Date(s) - 10/17/18
6:00 pm - 7:30 pm
Pritzker Military Library
Pritzker Military Museum & Library
Wednesday, October 17, 2018 6:00pm
Author Ed Lengel visits the Museum & Library to discuss his book about the Lost Battalion in WWI. Sponsored by the United States World War One Centennial Commission.
The most dramatic week in American military history took place just weeks before the First World War ended. In the first week of October 1918, six hundred men charged into the forbidding Argonne Forest. Against all odds, they surged through enemy lines–alone. They were soon surrounded and besieged. As they ran out of ammunition, water, and food, the battalion withstood constant mortar attack and relentless enemy assaults. Seven days later, only 194 soldiers from the original unit walked out of the forest. The stand of the Army’s “Lost Battalion” was–and remains–an unprecedented display of heroism under fire.
The narrative of Never in Finer Company focuses on the stories of four men: the battalion’s commander, Major Charles Whittlesey, a lawyer eager to prove his mettle; his New York stockbroker executive officer, Captain George McMurtry; Sergeant Alvin York, whose famous exploits help rescue the battalion; and Damon Runyon, the soon-to-be-famous newspaperman who struggled to understand the events he witnessed. From the patriotic frenzy that sent young men “over there” to the hurried stateside training, shipping overseas, and encounters with life at the front, each man trod a unique path to the October days that engulfed them. And their stories did not end on the battlefield–each man was haunted by the experience as America tried to come to grips with the carnage of the war.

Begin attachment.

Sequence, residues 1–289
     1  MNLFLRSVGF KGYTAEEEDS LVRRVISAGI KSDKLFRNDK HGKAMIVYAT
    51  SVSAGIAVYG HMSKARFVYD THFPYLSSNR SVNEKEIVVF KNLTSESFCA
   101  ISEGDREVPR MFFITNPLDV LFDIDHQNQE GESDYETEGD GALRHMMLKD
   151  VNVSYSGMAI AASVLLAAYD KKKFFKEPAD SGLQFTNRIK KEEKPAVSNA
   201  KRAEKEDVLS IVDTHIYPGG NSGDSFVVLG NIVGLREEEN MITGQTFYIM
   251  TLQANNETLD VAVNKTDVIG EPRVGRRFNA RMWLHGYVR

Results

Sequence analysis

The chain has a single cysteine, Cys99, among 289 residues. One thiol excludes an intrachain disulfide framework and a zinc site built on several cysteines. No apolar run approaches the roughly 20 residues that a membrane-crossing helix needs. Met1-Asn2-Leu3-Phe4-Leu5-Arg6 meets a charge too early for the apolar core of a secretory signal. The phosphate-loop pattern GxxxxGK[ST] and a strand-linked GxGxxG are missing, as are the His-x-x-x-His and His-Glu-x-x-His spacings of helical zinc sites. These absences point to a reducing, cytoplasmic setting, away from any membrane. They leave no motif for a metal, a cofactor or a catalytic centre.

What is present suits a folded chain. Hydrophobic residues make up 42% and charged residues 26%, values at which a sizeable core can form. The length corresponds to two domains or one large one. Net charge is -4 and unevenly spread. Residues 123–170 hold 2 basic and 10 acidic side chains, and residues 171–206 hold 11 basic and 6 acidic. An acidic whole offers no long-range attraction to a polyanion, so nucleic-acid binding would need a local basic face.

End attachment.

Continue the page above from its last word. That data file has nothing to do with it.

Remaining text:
Character-rich, abundantly textured, sometimes tragic, sometimes uplifting, but always compelling, Never in Finer Company is a deeply moving and dramatic story on an epic scale.
EDWARD G. LENGEL has published books in military history on World War I and the Revolutionary War, including To Conquer Hell: The Meuse-Argonne, 1918–The Epic Battle That Ended the First World War and First Entrepreneur: How George Washington Built His–and the Nation’s–Prosperity. He has contributed articles for Military History, Military History Quarterly, American Heritage, American History, History Now, and Humanities. He has made numerous TV appearances on History Channel and other networks and appeared on NPR’s Weekend Edition with Rachel Martin and All Things Considered with Robert Siegel. He is currently Chief Historian of the White House and was formerly Editor-in-Chief of the Papers of George Washington.